Worthwhile Meetings: Part III - The Day Of & The Week After

Now that meeting participants' commitments are clear and you have prepared properly - here are the final steps to make a meeting worthwhile.

The Day Of:

  1. Start on time.
  2. Review meeting commitments.
  3. Designate a facilitator (and someone to create a decision summary – see #6).  If you anticipate the meeting going longer than 30 minutes and including more than 4 people, have someone designated as the meeting facilitator, ideally not the meeting host who is likely attached to the outcome, but rather someone who can:
    • Keep everyone on track and focused
    • Pause those who dominate the conversation
    • Bring to the table those who are quieter
    • Know when to allow for the discussion to flow when constructive
    • Mine conflict
    • Momentarily take off their facilitator hat and contribute to the discussion
    • Call timing for the decision
    • Hold the group accountable for accomplishing the purpose of the meeting
  4. Goal is NOT consensus. Rather everyone in attendance should have an opportunity to voice their input/feedback/questions/concerns.
  5. Achieve the purpose of the meeting.  “A decision is better than no decision…better to make a decision boldly and be wrong – and then change direction with equal boldness – than it is to waffle.” Patrick Lencioni.  The second best solution that is implemented is better than the best solution not implemented.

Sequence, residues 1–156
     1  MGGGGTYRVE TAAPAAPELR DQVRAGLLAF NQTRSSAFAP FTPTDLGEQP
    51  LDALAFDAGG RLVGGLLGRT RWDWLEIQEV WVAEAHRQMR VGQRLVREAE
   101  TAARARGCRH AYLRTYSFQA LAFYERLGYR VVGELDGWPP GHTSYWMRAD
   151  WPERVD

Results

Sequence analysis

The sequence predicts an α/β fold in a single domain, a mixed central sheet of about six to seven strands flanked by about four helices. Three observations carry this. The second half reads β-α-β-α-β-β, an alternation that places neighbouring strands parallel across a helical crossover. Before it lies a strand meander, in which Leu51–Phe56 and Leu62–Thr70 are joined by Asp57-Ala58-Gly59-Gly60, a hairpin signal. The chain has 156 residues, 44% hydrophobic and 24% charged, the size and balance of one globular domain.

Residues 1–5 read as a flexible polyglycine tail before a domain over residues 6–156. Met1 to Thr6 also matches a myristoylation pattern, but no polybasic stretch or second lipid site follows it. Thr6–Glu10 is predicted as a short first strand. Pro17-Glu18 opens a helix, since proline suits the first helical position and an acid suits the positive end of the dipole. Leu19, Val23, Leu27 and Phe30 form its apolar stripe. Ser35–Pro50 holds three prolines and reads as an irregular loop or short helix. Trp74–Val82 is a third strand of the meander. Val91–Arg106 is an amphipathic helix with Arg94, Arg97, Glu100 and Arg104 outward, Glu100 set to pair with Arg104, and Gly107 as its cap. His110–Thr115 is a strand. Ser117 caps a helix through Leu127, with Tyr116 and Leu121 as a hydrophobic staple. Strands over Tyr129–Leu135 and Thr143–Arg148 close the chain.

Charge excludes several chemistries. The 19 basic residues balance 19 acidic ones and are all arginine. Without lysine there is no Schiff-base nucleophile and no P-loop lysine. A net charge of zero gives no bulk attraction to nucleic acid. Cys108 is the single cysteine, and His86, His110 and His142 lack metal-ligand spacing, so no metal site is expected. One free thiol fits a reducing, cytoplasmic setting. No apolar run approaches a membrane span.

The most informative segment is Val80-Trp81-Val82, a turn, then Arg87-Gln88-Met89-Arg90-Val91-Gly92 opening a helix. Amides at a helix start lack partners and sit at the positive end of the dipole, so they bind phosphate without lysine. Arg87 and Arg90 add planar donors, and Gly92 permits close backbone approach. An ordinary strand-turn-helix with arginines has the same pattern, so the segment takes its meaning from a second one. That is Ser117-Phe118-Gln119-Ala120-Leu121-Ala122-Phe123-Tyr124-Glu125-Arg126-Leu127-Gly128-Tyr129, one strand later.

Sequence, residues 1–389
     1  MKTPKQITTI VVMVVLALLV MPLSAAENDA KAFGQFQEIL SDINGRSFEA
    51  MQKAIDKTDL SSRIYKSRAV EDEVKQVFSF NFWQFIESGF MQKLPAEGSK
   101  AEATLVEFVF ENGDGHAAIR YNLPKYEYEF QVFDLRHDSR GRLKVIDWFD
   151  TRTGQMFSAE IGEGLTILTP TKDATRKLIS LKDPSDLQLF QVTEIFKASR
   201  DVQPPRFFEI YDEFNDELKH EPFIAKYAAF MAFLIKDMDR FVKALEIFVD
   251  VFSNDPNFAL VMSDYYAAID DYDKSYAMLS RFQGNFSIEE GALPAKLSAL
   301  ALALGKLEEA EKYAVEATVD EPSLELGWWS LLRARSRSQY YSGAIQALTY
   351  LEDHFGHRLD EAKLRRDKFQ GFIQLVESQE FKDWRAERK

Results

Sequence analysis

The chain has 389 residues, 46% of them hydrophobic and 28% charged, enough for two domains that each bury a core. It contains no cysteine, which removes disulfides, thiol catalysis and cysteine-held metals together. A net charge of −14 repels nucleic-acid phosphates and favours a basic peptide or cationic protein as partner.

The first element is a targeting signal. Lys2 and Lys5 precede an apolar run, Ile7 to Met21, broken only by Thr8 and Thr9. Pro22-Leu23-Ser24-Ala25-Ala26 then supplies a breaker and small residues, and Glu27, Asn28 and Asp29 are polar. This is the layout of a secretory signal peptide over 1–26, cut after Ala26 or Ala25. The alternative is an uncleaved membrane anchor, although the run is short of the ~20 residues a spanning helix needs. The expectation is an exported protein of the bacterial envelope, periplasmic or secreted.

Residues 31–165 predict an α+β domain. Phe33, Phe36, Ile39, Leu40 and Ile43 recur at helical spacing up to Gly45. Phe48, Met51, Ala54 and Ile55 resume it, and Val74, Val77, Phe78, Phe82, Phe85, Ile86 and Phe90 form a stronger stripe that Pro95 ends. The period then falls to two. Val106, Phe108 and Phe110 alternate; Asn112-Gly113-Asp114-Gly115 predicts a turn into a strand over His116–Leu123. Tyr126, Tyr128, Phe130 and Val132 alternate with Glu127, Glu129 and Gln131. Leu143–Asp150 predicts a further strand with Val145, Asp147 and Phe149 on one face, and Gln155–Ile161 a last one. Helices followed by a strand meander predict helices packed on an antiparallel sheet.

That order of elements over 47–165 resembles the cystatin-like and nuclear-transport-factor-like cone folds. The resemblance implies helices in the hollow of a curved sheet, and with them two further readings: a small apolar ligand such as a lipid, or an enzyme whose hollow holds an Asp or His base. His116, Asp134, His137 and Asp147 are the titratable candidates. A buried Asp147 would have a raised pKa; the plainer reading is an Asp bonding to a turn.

6. Decision summary. Have someone who is recording decisions (even small ones) and action items(including WHO will complete those action items and by WHEN).  Does NOT need to be a play by play of the meeting.  At the end of the meeting, this person should review the decision summary and confirm that everyone is in alignment as to the outcomes of the meeting.  The finalized decision summary should then be e-mailed to all in attendance.
  7. Simple communication plan.   Lastly discuss what needs to be communicated to other team members and who will follow through with that communication.
  8. End when the purpose is accomplished.  Have the meeting end when the purpose is achieved – meaning if it takes 30 minutes to instead of 60 – don’t keep the conversation going simply to meet the time set aside.

The Week After:

  1. Take action, implement and follow through on commitments.
  2. Hold one another accountable for commitments. The host should provide a weekly progress report on the follow through of action items/commitments until all items are completed.  If appropriate, outline successes and obstacles that have resulted from the decision as well.  Individuals should provide the host with updates as to their progress on commitments.  And if there are items that are “falling through the cracks,” meet one on one with those who are not following through and simply have a check-in conversation.

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